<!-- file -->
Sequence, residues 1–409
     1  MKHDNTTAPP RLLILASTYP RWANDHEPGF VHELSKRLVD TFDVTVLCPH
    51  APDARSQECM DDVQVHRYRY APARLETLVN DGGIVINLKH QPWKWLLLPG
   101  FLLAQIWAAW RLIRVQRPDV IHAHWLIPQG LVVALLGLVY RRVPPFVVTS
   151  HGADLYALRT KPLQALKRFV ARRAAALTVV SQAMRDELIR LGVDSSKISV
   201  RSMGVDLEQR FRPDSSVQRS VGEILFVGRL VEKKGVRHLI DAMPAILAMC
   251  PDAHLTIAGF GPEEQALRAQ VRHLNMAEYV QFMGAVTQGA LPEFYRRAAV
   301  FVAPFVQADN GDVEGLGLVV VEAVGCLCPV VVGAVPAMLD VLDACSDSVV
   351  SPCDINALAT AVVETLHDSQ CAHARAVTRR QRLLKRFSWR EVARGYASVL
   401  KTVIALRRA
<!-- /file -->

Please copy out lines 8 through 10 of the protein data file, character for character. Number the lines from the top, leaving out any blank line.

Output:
   301  FVAPFVQADN GDVEGLGLVV VEAVGCLCPV VVGAVPAMLD VLDACSDSVV
   351  SPCDINALAT AVVETLHDSQ CAHARAVTRR QRLLKRFSWR EVARGYASVL
   401  KTVIALRRA